As cats get older they often get severe dental problems, such as gum infections and rotten teeth. The best way to prevent this is to brush the cat’s teeth.
Feeding raw bones from an early age can help to discourage dental plaque from building up. Cats have evolved to eat bones and hard substances, but with anything hard that enters the mouth, there is always a slight risk of it getting stuck or causing other problems.
In mature cats, special dry foods are available that help with preventing dental plaque formation
Important Points in Prevention of Dental Disease
• Feed food that will help the teeth to stay clean. Raw meat may be fed if it is given in one large piece that will force pets to use their teeth to chew. Cats without digestive system problems can also be fed raw chicken wings and necks to keep their teeth clean.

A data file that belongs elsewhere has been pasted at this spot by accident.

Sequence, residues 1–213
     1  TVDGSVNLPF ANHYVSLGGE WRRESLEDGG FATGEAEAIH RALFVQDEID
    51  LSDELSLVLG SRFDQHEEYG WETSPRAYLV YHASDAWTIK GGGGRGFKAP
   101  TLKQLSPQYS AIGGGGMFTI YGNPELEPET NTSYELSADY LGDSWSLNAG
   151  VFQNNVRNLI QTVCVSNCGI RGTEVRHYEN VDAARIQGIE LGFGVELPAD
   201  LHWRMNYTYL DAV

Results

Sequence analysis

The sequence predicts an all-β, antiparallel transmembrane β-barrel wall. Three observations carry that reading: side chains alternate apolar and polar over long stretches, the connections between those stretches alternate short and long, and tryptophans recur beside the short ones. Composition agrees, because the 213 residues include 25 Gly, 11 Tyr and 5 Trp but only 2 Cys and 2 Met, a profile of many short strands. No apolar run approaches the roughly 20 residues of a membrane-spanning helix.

• Brush your pet’s teeth regularly. This is best done daily with special enzymatic cat toothpaste. DO NOT USE HUMAN TOOTH PASTES.
Life Cycle of the Flea
Fleas are small, brown or black wingless insects with flattened bodies. These blood-sucking insects cause considerable irritation and distress to infested pets. Severe infestation may lead to anaemia from blood loss. Fleas spread the common tapeworm in dogs and cats. Flea bites also cause skin disorders on both pets and people.
After taking a blood meal, fleas drop off the animal and deposit their eggs in cracks, crevices and carpeting. A single breeding pair of fleas may produce 20,000 fleas in three months. Eggs hatch after two to 12 days into larvae that feed in the environment. Larvae moult twice and then spin a cocoon for anywhere from a week to a year.
Most (95%) of the life cycle is spent away from the pet in the environment. This is why control of the flea in the environment is essential for proper flea control.
Control of Fleas
Most flea powders are suitable for young kittens and there are special kitten flea rinses, eg. Fido’s Free Itch Rinse Concentrate, and collars available. Please read the labels carefully to ensure that your product is safe to use in kittens.